The Outstanding Contribution category of the European Supply Chain Excellence Awards is very different from all the others: you, our readers, nominate the candidates, and you vote by email for the winner (and none of those shenanigans that other less reputable media companies such as the BBC get up to!)
This year four candidates attracted the bulk of nominations. Gert Askes is managing director of Menlo Worldwide, having previously been marketing manager for Post Pakketservice in the Netherlands, and then a project manager on national B2C distribution with TNT.
Professor Martin Christopher, well known to readers as a contributor to this journal and indeed as a judge in many previous ESCE Awards, is professor of Marketing & Logistics at Cranfield University, director of their Centre for Logistics and Supply Chain Management, author of many of the standard texts in the field, and mentor to many of the men and women now rising to the top of the supply chain field.
Julie Mutter, operations manager at Electronic Arts, has an impressive record of, sometimes single-handedly, getting supply chain firmly in focus as a key driver of what is almost inevitably, a largely marketing and sales driven business.
But the vox pop. went to our fourth nominee, John Allan, nominated principally for his masterminding the Ocean/Exel merger which ”was the first time that freight forwarding and contract logistics were combined, leading to a step change now followed by others”.
At the time of nomination, Allan was CEO of DHL Exel (although as we reported last month he has since moved to become chief financial officer of Deutsche Post World Net, in Bonn, so this Award is also a, perhaps temporary, valediction to the operational side of the supply chain world).
Allan came fairly late to logistics, joining Ocean Group in 1994 as CEO. Ocean was then a services conglomerate, including freight forwarding (MSAS), a small contract logistics business (McGregor Cory) and sundry other businesses. He says ”When we looked at Ocean we saw a large opportunity to build a global logistics business on the back of our already global freight forwarding work. We sold other businesses to concentrate on this, created the merger with Exel, and went on to establish business in key economies and to grow both organically and through acquisition.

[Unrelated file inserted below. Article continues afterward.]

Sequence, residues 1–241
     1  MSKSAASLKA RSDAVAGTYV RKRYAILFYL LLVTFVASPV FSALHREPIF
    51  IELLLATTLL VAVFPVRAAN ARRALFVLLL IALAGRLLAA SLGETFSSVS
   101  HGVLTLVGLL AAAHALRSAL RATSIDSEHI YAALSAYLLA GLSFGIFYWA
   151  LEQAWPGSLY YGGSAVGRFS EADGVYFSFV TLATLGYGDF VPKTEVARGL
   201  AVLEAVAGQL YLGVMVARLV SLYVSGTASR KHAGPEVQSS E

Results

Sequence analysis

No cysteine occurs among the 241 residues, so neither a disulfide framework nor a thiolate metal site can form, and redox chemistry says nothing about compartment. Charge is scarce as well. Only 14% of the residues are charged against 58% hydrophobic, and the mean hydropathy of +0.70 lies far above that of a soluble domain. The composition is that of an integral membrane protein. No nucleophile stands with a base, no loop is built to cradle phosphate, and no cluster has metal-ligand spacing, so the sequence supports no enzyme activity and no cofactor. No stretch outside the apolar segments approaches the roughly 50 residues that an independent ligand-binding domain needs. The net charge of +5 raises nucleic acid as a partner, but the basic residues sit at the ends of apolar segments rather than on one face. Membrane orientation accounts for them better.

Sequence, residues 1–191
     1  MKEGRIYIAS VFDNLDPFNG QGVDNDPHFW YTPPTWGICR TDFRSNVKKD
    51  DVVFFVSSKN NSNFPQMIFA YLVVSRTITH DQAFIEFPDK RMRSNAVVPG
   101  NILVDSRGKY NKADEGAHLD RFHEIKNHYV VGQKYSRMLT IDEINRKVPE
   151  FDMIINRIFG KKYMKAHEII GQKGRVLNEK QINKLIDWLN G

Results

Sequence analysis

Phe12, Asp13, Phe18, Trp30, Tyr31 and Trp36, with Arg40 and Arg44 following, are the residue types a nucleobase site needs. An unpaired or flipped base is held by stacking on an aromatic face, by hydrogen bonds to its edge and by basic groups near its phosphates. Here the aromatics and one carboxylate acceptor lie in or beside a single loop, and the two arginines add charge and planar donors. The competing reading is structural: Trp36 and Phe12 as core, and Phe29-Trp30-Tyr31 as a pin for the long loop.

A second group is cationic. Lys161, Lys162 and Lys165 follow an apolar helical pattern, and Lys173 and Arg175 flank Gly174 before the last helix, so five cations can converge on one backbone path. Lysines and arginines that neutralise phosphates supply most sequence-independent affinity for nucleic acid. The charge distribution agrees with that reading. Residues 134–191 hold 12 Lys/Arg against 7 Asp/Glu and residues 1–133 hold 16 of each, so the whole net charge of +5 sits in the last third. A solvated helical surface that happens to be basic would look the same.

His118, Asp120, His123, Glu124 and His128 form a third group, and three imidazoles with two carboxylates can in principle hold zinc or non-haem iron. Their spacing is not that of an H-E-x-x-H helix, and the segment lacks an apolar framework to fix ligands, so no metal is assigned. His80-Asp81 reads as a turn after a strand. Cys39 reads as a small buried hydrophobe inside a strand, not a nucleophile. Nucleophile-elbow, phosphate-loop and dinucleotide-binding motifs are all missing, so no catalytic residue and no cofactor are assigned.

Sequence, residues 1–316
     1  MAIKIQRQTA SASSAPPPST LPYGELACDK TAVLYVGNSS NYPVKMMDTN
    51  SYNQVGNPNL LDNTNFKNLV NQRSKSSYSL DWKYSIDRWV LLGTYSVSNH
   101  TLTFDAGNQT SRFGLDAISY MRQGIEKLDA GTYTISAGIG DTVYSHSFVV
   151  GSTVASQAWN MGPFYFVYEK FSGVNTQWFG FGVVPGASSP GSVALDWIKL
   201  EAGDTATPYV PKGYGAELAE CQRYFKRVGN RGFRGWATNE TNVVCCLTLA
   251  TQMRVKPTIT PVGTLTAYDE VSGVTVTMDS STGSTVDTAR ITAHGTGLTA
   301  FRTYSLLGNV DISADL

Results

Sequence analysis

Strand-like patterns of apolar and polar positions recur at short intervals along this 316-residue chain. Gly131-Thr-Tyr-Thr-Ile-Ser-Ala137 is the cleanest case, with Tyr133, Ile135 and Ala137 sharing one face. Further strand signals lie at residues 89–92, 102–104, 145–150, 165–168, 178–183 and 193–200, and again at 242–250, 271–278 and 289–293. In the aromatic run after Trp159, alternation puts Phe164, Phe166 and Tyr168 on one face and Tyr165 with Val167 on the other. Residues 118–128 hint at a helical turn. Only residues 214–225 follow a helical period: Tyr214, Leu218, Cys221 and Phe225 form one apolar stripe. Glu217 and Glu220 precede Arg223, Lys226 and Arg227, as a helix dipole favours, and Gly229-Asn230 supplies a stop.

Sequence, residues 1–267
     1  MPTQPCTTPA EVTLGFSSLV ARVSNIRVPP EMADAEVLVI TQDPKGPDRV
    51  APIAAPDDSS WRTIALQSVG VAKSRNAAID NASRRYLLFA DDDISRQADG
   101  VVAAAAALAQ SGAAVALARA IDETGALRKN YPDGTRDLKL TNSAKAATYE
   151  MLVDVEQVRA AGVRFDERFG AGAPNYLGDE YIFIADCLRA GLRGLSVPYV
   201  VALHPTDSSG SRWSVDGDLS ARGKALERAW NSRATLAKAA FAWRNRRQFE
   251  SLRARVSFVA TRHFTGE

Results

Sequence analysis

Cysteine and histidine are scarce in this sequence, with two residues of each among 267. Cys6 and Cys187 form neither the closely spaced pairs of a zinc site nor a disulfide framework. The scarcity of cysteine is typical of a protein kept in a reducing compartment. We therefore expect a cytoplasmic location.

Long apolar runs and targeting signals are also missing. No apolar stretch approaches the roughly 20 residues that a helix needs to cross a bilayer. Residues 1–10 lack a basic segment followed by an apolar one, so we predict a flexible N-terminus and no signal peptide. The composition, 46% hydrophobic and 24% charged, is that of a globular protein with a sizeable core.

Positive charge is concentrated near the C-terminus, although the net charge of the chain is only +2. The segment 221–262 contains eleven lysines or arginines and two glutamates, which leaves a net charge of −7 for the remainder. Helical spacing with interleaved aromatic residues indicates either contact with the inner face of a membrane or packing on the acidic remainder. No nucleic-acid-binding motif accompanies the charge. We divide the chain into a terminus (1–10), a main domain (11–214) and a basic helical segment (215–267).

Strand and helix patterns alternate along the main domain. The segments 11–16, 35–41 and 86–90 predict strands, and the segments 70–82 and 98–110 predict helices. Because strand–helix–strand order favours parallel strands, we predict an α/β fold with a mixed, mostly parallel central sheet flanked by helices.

”If I have to take any credit it would be in three areas. I had a significant role in working out this original strategy; second, I played a reasonably key role, although no more than that of my counterpart Gerry Murphy at Exel, in bringing the two companies together and selling the idea to the Boards; and thirdly I can take a little credit for building the teams that have taken us on to success.
”And perhaps one more achievement: following the acquisition by Deutsche Post of Exel, I was asked to manage the process of bringing the DHL and Exel businesses together – a very major operation involving 160,000 people in 100 plus countries. Over two years. I like to think I’ve played a role in this, but the ”heavy lifting” has really been done by hundreds, even thousands, of our people around the world”.
Would Allan leave any advice to those who follow him in the logistics and supply chain industries? ”Two things. First, I’ve always tried, with my colleagues, to give the business a very real customer orientation, and there’s no better way than personally meeting and actually talking to your customers, even if that is out of your “own time”. As we’ve got bigger, I hope we haven’t lost sight of that need to stay very close to customers.
”Secondly, we’ve got to continue to innovate in this business and this industry. Yesterday’s product is commoditised today, and the real key to growth is continually coming up with new concepts that will, for a period of time at least, give you and your customers a competitive advantage.
”Our own business is still growing strongly, but that will only continue if we remember these two lessons”.